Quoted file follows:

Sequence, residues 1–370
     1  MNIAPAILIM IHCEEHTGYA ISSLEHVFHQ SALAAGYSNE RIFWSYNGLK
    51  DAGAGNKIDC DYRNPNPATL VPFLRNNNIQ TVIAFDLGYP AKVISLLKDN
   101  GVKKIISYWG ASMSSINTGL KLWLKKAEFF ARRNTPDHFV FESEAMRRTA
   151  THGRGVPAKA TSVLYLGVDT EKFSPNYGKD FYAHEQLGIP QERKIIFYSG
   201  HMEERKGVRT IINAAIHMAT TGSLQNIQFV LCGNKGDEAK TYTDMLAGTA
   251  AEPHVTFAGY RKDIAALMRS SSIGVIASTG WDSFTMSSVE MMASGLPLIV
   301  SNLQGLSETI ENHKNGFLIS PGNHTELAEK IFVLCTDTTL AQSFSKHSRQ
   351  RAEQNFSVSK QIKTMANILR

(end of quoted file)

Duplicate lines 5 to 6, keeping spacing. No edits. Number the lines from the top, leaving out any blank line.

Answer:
   151  THGRGVPAKA TSVLYLGVDT EKFSPNYGKD FYAHEQLGIP QERKIIFYSG
   201  HMEERKGVRT IINAAIHMAT TGSLQNIQFV LCGNKGDEAK TYTDMLAGTA